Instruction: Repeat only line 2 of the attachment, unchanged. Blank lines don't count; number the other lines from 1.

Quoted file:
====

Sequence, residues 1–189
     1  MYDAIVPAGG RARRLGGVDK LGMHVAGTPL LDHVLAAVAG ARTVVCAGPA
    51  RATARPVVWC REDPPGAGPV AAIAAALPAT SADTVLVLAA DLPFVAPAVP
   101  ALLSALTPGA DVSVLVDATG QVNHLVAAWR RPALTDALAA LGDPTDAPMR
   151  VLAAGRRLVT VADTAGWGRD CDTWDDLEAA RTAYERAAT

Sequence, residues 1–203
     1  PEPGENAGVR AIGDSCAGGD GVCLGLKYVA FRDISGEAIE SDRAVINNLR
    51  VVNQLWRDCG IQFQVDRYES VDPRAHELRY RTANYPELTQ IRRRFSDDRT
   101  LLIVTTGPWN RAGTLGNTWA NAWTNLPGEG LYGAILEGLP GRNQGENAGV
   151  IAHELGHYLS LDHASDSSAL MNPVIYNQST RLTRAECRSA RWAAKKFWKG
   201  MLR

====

     1  MYDAIVPAGG RARRLGGVDK LGMHVAGTPL LDHVLAAVAG ARTVVCAGPA